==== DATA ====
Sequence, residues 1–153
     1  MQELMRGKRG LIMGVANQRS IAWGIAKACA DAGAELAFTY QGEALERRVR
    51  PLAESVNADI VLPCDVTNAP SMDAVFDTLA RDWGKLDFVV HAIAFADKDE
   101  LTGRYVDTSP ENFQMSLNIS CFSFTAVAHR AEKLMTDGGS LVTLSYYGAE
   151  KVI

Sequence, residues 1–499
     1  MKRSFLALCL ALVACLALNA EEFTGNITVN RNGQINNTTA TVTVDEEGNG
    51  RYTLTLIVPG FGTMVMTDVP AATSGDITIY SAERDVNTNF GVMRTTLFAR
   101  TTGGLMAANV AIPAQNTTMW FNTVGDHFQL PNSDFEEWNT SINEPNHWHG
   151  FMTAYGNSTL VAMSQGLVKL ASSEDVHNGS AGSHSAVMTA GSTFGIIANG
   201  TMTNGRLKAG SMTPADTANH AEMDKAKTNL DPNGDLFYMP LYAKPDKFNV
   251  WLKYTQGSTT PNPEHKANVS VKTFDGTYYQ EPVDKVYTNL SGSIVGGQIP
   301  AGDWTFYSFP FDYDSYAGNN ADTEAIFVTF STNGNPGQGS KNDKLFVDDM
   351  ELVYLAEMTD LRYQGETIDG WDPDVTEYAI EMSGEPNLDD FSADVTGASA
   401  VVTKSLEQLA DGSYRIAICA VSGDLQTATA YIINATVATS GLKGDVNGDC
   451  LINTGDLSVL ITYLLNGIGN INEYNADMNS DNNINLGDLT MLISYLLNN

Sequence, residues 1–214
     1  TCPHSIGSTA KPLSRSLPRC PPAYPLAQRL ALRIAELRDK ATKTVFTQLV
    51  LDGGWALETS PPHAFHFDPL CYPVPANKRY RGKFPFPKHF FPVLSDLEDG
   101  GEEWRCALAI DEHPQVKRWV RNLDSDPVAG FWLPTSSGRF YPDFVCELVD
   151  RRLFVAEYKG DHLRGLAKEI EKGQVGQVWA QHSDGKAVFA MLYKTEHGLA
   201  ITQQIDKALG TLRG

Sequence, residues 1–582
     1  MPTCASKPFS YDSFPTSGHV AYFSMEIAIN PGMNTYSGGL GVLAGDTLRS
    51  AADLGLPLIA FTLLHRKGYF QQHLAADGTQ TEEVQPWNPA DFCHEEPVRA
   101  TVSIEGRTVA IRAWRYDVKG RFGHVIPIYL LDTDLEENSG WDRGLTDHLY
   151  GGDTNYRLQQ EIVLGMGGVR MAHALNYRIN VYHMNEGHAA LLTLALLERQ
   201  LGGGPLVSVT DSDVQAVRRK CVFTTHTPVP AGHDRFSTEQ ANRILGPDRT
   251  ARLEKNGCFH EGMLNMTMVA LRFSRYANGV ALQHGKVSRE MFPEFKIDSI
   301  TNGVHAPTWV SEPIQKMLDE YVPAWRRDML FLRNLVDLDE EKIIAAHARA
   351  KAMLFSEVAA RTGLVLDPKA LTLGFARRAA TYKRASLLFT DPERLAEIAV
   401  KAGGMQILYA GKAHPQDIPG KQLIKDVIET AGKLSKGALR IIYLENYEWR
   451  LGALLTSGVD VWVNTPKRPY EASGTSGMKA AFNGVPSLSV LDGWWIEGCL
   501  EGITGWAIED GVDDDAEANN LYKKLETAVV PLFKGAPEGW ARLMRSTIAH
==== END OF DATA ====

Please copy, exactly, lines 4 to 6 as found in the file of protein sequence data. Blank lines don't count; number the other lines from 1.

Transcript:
   101  LTGRYVDTSP ENFQMSLNIS CFSFTAVAHR AEKLMTDGGS LVTLSYYGAE
   151  KVI

Sequence, residues 1–499